Squamish council hears development concerns 

Two public hearings cover downtown and drive-through concerns

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Squamish could soon have a CIBC bank branch, a second Tim Horton's outlet and a new home for the Sea to Sky Community Services head office, thanks to two major projects seeking rezoning.

Michelle Charlton owns the land at the corner of Highway 99 and Garibaldi Way. She wants to develop the former bulk fuel plant property into a restaurant building and a bank with drive-through windows to service both businesses.

At a public hearing on Tuesday, Nov. 20, Charlton explained that her original plan was to stick with the existing zoning and build two restaurant buildings with two drive-throughs and capacity to house three restaurants. That plan changed when CIBC called her and asked if she would consider seeking a rezoning for the property to allow a bank on the property.

In council discussions leading up to the public hearing, councillors Bryan Raiser, Susan Chapelle and Patricia Heintzman spoke against allowing any more drive-through windows in Squamish.

Of the 20 people who spoke to the members of council about the development, most indicated they support it. Those opposed said they were against the addition of more drive through windows in Squamish.

Engineer John Grainger of R.F. Binnie & Associates said the site plan and its associated road improvements will bring needed safety upgrades to the intersection of Garibaldi Way and Government Road.

"This intersection cries out for improvement," said Grainger.

The project proposal calls for the installation of a three-way stop and other design features aimed at making the intersection safer.

Terry Dean, the owner of Squamish's existing Tim Horton's, said Squamish needs a second outlet, which he also hopes to run, to relieve the pressure on the existing restaurant. "We would like to grow with the community," Dean told the members of Squamish Council.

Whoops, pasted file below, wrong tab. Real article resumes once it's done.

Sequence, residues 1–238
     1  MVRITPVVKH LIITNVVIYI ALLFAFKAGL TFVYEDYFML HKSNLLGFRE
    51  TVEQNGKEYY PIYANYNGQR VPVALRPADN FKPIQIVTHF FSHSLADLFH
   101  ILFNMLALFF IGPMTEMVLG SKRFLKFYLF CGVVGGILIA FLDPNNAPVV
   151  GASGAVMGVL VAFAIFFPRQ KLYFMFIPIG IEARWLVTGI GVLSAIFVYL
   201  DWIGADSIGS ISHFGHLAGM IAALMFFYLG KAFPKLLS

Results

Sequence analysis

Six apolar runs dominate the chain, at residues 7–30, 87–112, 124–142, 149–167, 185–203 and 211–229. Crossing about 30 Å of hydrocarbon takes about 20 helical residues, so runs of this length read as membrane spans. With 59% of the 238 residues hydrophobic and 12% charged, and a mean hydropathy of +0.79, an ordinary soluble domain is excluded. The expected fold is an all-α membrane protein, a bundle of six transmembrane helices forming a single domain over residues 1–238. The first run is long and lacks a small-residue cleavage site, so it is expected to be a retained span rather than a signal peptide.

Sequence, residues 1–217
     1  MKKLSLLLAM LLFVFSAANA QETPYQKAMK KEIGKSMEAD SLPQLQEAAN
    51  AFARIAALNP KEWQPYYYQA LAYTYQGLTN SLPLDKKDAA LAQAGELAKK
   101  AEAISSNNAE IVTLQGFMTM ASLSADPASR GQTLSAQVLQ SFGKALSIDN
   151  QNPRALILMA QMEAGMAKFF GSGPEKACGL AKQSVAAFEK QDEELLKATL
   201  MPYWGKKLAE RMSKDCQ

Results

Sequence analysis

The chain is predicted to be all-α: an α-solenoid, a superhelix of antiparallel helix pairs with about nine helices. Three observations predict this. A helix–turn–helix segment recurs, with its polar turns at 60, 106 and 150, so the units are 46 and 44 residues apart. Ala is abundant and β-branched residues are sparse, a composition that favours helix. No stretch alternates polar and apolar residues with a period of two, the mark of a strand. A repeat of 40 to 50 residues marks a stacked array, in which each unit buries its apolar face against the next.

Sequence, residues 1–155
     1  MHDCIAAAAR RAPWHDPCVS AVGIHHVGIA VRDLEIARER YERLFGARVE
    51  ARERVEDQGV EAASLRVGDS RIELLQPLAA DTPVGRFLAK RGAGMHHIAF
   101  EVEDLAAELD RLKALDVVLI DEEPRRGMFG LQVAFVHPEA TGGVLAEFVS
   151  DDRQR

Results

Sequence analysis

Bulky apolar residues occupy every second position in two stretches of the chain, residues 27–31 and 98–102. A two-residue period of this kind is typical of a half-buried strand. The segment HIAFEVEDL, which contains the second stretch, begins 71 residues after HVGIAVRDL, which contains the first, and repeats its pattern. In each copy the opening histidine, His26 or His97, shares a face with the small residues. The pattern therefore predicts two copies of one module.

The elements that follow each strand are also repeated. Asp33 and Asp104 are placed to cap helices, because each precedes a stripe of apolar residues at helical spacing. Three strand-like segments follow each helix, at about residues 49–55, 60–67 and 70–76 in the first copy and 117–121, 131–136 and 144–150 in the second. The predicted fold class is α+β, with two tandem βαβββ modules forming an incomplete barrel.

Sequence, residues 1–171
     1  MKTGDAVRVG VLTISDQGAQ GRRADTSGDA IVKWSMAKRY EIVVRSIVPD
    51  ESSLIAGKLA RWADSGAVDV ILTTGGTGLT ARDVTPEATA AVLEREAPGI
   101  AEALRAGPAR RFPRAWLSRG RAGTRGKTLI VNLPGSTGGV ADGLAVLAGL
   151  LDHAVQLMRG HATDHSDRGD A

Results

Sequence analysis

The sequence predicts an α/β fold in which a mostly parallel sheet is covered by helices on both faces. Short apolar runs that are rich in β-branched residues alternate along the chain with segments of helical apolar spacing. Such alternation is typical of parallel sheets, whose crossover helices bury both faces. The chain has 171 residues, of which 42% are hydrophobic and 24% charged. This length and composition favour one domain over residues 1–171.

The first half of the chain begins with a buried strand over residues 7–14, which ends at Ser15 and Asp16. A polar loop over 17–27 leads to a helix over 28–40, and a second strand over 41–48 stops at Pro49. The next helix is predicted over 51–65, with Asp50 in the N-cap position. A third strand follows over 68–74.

Carol Bird said the bank should be rejected as she pointed out that a number of community planning documents suggest any new banks proposed should be located in the downtown area.

Charlton noted that she was told by CIBC that if the rezoning isn't approved the bank won't look for a property in the downtown area.

In advance of hearing submissions about the rezoning of the property near Highway 99, council heard comments about the Centrepoint proposal. This project is a joint venture between Sea to Sky Community Services (SSCS) and the United Church of Squamish.

The SSCS has outgrown its current main office and in an effort to consolidate its operations it is proposing to redevelop the church property to add a three-floor building that would house seven units of supported housing, SSCS offices and a community meeting space along with the church. The developers want permission to take the building up to five floors if future needs require expansion.

Karen Shard lives right across the street from the church. She expressed concern over parking, increased traffic and construction impacts on her house.

"I don't want to have this facility built in front of my house," she said.

Social worker Peter Harker said the housing units in the plan wouldn't fulfill the need in the community. He said many homeless people are living in the forested area of the Squamish estuary because Squamish has a lack of affordable housing.

More than 20 people shared their feelings on the proposal for the development on a residential street. Deb McBride, a resident who lives around the corner from the church site also spoke against the development along with Shard and Harker. The rest of the speakers were in favour of the planned redevelopment of the property.

Those who spoke in favour of the project all agreed that the proposal presents a once-in-a-lifetime opportunity for Squamish.

Now that the public hearings for the two project proposals are complete, the members of council are expected to consider fourth reading of the rezoning applications as soon as Dec. 4 when council is scheduled to hold its next regular meeting.

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